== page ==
Finland Verdi, Rigoletto: Soloists, Chorus and Orchestra of the Finnish National Opera / Pietro Rizzo (conductor), Finnish National Opera, Helsinki, 22.9.2017. (GF)
Direction – Georg Rootering
Sets and Costumes – Mark Väisänen
Lighting Design – Timo Alhanen
The Duke of Mantua – Rame Lahaj
Rigoletto – Olafur Sigurdarson
Gilda – Irina Dubrovskaya
Sparafucile – Koit Soasepp
Maddalena – Nina Keitel
Count Monterone – Heikki Aalto
Count Ceprano – Andrus Mitt
Countess Ceprano – Johanna Lehesvuori
Marullo – Jussi Merikanto
Borsa – Juha Riihimäki
Giovanna – Maria Lenast
This production was premiered in November 2008, and for some reason I must have missed it, since I covered most new productions at the Finnish National Opera at the time. Now that it is revived it was a splendid opportunity to catch up and I have no reason to be dissatisfied with what I saw. The action has been transported to late 1950s, to judge from the car that plays a central role in the final act. It is a shining red Volvo Amazon, as it was known in the Nordic countries, a model launched in the autumn of 1956. It is obviously brand new and its owner, Sparafucile, polishes it lovingly. The courtiers wear the dark suits of the period, even Rigoletto, in traditional jester’s cap – a clear anachronism. The sets are built on a turntable, and the façade looks like an impenetrable fortress, but when it rotates, it reveals the various milieus where the action takes place. The Volvo is Sparafucile’s bedroom, which he offers to the Duke for his nightly escapades. All the well-known ingredients are here: the hard-boiled playboy attitude of the Duke – though it seems he is honestly infatuated with Gilda during their first tête-à-tête – the sarcastic jester, who rough ways is anxious and vulnerable, and the cruel courtiers – although Marullo seems to feel some compassion for Rigoletto. The naivety of Gilda, the “honesty” of Sparafucile, who in the end yields to Maddalena’s wishes to save the Duke. It is a cruel story and it unfolds mercilessly. The weakness of the libretto is that Gilda is still alive when Rigoletto opens the sack. A professional like Sparafucile would never be careless about such details. In this production the sack is merely symbolic. It holds a glass cage containing Gilda, the same cage she was locked into during the first act for her abduction by the courtiers. I take this to mean that having spent her formative years in a convent, she obviously had little experience of the real world.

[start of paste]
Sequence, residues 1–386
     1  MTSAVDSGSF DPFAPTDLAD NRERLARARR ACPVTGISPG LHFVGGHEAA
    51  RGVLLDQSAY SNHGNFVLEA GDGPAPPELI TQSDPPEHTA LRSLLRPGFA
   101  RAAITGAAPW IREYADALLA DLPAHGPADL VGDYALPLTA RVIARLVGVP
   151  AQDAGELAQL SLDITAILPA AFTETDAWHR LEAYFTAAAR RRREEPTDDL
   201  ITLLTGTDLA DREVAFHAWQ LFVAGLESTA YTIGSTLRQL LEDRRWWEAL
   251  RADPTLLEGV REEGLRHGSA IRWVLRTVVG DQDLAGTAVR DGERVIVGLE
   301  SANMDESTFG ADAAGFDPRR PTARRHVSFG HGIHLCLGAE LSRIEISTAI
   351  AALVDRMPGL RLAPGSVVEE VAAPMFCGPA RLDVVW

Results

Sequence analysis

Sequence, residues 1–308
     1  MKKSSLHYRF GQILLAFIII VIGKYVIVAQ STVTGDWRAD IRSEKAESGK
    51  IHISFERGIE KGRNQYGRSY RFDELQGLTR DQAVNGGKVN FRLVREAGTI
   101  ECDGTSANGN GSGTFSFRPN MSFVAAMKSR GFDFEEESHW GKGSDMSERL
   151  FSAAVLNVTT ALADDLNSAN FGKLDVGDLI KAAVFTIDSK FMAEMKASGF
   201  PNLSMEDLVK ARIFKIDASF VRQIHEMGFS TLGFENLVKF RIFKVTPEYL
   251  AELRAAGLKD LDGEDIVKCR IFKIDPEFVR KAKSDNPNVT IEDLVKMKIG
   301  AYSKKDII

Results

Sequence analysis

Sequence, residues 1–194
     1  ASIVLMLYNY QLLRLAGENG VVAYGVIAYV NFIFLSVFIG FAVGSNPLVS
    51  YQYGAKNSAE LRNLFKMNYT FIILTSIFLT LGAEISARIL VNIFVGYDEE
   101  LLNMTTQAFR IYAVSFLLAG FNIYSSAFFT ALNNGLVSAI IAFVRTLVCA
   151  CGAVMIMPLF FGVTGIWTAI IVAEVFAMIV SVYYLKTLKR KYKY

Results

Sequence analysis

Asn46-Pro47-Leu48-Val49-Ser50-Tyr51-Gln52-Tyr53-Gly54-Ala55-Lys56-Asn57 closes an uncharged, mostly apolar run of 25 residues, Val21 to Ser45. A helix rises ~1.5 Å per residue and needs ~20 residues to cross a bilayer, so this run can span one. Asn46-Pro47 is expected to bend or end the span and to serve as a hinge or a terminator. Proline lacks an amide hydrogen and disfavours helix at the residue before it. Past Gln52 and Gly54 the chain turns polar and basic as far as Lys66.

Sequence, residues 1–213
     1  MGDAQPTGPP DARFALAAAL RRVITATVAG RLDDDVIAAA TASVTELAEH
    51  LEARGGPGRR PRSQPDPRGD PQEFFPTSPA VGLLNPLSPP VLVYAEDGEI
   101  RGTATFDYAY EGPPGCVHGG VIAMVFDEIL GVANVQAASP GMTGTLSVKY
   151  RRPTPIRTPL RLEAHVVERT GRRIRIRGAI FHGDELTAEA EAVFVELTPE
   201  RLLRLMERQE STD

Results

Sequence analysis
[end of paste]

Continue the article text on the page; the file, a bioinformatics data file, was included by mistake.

The cast assembled for this revival is a good one. Icelandic baritone Olafur Sigurdarson has been hailed for his Verdi roles and Rigoletto is possibly his signature role. He is an excellent actor and his sturdy, dark voice is both expressive and sonorously attractive. His Cortigiani in Act II is spine-chilling, even more so the revenge duet Si, vendetta, tremenda vendetta at the end of the act, and his desperation in the final scene when he realises that he has lost his daughter is deeply moving. The Russian soprano Irina Dubrovskaya is, both visually and vocally, an ideal Gilda. I heard her ten years ago in the role at Dalhalla and she is even more beguiling now. Her acting has become more secure and she has retained the freshness of her light and flexible voice. Caro nome was ideally vocalised and her duets with Rigoletto and the Duke were truly touching. I heard the Albanian tenor Rame Lahaj as the Duke in Tallinn several years ago and he was brilliant then, free and effortless top notes, sensitive nuances and charismatic acting. His acting is still superb, his elegant pianissimos just as bewitching but he is pushing his forte notes unnecessarily, which makes his approach cruder and, probably, in the long run, unhealthy for his vocal chords. But Questa o quella is charming nonetheless, the duet with Gilda is ravishing, the big second act aria rings out with ardour and La donna è mobile has just the right bounce. Best of all is perhaps the quartet, in which Nina Keitel’s Maddalena also is excellent. Koit Soasepp’s Sparafucile is hair-raisingly frightening, his black bass thunderous. Heikki Aalto as Monterone is another bass to be reckoned with.
Pietro Rizzo, today in great demand at many opera houses including the NY Met, leads a full-blooded performance and his choral and orchestral forces are on their toes. Rigoletto is always a moving opera, and this revival is certainly worth buying a ticket to.